How do you do it? Parenting Link Up #21

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Welcome to the How Do You Do It? parenting link up party. Here, you have an opportunity to share your posts with other parent bloggers and the followers of How Do You Do It? and What’s up Fagans?.

How do you do it? is a community of mothers of multiples that believes in supporting each other, in sharing our experiences and questions, in friendship, and in encouragement. The link up is open to all of our readers, whether you have multiples or not, where you can share your wisdom, your favorite posts, your insights, with our online community here at HDYDI and What’s up Fagans?.

Each week, we pick some of our favorite posts and feature them the following week on our site! Plus, we pin them on Pinterest, tweet them on Twitter, and share them on Google+ and Facebook! Get some more exposure for your great content, and don’t forget to check out the featured posts from last week’s link up!

Plus, ldskatelyn of What’s up Fagans? is co-hosting our link party on her blog as well. One party on two blogs means double the exposure and community.

Each HDYDI parenting link up party accepts new links from Monday morning through Friday at noon.

So tell us: How do you handle conception, pregnancy, prematurity, birth, and postpartum recovery? How do you handle tantrums, diapering bills, stress, and potty training? How do you handle education and special needs? How do you balance the needs of several children with a marriage? How do you manage being a stay-at-home mom, a working mom, or a single parent? And how do you find time for yourself?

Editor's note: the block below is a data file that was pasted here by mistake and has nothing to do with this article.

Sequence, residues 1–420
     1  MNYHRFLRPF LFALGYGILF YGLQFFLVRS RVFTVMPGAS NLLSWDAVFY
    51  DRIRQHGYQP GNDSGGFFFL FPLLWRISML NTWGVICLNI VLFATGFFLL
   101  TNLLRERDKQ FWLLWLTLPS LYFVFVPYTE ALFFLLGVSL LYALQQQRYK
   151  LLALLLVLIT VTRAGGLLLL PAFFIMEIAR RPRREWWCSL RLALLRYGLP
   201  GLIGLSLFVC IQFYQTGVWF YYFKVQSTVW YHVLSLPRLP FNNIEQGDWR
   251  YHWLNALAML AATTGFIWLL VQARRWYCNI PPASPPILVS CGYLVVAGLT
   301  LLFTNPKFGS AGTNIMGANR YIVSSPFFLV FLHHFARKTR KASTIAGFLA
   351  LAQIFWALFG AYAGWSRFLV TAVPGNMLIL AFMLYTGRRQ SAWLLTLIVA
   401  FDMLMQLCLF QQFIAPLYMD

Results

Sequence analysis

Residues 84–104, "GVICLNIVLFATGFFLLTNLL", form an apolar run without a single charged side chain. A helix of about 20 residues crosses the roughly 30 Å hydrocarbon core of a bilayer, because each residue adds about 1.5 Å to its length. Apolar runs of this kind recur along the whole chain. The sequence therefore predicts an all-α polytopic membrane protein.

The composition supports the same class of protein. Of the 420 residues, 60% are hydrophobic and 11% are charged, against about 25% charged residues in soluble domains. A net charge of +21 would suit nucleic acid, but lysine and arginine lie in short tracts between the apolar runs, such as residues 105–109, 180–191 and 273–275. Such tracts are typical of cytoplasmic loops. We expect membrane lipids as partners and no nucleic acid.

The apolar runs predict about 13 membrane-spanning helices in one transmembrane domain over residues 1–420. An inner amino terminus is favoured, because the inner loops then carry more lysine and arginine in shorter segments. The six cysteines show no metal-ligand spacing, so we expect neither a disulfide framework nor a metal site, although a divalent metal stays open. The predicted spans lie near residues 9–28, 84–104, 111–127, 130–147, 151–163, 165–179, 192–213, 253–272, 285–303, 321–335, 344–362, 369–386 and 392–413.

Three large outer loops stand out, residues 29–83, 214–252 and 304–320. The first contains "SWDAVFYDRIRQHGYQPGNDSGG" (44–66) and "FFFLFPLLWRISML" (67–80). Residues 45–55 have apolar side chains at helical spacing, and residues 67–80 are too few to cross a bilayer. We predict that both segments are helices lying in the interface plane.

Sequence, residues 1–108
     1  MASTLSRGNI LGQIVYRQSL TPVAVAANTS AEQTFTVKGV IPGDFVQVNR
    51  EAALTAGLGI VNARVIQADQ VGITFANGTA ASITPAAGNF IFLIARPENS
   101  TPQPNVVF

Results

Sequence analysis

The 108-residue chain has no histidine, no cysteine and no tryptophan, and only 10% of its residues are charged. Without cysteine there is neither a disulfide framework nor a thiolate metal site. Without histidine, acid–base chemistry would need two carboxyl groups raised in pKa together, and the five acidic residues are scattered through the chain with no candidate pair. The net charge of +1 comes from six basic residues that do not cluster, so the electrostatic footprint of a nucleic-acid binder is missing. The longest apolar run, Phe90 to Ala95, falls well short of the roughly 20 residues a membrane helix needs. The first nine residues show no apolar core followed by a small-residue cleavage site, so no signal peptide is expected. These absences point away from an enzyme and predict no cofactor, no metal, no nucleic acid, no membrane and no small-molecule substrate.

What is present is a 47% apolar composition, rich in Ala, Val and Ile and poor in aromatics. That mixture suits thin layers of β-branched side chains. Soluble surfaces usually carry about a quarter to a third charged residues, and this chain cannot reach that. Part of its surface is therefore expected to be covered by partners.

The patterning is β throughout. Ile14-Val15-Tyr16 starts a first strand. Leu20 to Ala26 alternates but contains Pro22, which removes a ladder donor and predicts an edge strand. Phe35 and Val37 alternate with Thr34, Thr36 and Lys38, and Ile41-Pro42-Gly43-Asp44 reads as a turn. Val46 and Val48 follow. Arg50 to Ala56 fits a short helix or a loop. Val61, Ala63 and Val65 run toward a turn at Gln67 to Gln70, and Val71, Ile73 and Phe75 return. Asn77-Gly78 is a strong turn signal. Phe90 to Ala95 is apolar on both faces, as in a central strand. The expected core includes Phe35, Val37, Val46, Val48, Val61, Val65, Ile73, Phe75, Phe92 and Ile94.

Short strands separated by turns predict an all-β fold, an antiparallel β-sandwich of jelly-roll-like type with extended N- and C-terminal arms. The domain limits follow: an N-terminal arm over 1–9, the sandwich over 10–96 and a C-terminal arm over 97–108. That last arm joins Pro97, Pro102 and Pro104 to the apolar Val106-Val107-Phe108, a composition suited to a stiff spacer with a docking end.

How do you do it?!

This week’s featured posts:

tips for expecting and new moms of twinsOur most clicked link from last week was from Christina of My Twin Lady Bugs. She shared part one of three about life with newborn twins, because it really is such a whirlwind that first year! Her tips for expecting and new moms of twins are spot on.

what-to-do-when-you-need-a-break-as-a-momBarb of A Life in Balance has been feeling stressed and overwhelmed by life lately. As moms, as women, that is just sometimes our reality, so I loved reading her awesome tips and advice for getting through those time when you just need to stop doing life.

20 fun spring activitiesSpringtime is here! What memories are you creating for your kids this year? The Lou Lou Girls are sharing 20 fun things you can do. Check it out and start having a great time with your family.

If you were featured above make sure to grab our featured button and display it proudly on your blog! How Do You Do It? Featured Post

Parenting Link Up Party

Rules for the How Do You Do It? Parenting Link Up Party:

  1. Follow and connect with HDYDI on the social media platforms that you use. Facebook | Twitter | Pinterest | Google+ | Blog Lovin
  2. Follow and connect with What’s up Fagans? on the social media platforms you use: Facebook | Twitter | Pinterest | Google+ | Blog Lovin’
  3. Link up to 3 great parenting posts below! Please, no recipes posts! Of course, link directly to a post, not your main page. Also, under “name” put the title of your post.
  4. Check out at least 3 other links! This is a party, so mingle!
  5. Leave an awesome comment for those you visit and tell them you found them at the HDYDI link party! And pin them/share the posts that you really like.
  6. Tweet: Add YOUR #parenting #advice to @hdydi's #linkup! Tell everyone #howdoyoudoit! #motherhood #momwisdomTweet about the link party, pin our link party badge, share it on Facebook, or otherwise promote this party! The more the party grows, the more exposure your posts will receive, the more fun you’ll have, and the more encouragement and ideas we’ll all receive!